GOP Chief: Republicans 'Screwed Up' After ReaganBreaking News
Republican Party Chairman Michael Steele offers a simple explanation for why the GOP may have lost touch with some Americans since the Ronald Reagan era: "We screwed up," he claims in a new book offering a blueprint for the party's resurgence.
That "we" includes the last two Republican presidents and the most recent Republican candidate for president.
In "Right Now: A 12-Step Program for Defeating the Obama Agenda," released Monday by Regnery Publishing, Steele says the GOP should acknowledge where "we most glaringly compromised our principles" in the past decade and hold its elected officials accountable.
More surprising, the GOP chairman directly or indirectly criticizes:
--President George H.W. Bush for raising taxes two years after President Ronald Reagan left office, though Steele ignores the fact that Reagan raised taxes too.
--President George W. Bush for not vetoing any spending bills during his first five years in office. He calls Bush and other Republicans "enablers for big government" and derides the Bush administration's Troubled Asset Relief Program as "a massive government slush fund."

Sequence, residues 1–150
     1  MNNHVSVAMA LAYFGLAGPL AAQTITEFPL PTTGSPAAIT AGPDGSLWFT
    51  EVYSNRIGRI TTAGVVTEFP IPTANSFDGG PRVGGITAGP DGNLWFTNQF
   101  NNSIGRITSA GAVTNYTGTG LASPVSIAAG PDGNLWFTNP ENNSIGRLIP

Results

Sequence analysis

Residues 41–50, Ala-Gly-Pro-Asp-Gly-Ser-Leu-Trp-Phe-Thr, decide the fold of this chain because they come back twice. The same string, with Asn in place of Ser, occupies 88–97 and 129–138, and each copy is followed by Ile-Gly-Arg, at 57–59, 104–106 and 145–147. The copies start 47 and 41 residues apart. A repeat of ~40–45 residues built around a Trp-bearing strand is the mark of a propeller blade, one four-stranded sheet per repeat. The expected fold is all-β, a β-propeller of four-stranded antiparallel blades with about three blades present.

--Sen. John McCain, R-Ariz., the party's 2008 presidential nominee, for backing censorship of political speech through the McCain-Feingold campaign finance law. Steele says the GOP erred in allowing itself to be associated with "a national political speech code."
comments powered by Disqus
Greg L Reinders - 1/6/2010
About time somebody in the party tell the truth. Too bad nobody in the party likes him.
- A military cemetery whose African American history is hidden in plain sight in Philadelphia
- Texas Senate increases education board's textbook veto power
- The Secret Transcripts of the Six-Day War
- Buried at an Asylum, the ‘Unspoken, Untold History’ of the South
- New Orleans removes monument to Confederate Gen. Robert E. Lee
- Mark Moyar explains why he came to believe the Vietnam War was winnable
- How should Texas high schoolers learn history?
- What's the 'greatest witch hunt of a politician in American history’?
- H.R. McMaster criticized – and not for his defense of Trump
- Yale’s David Blight is asked if New Orleans rewrite its Civil War legacy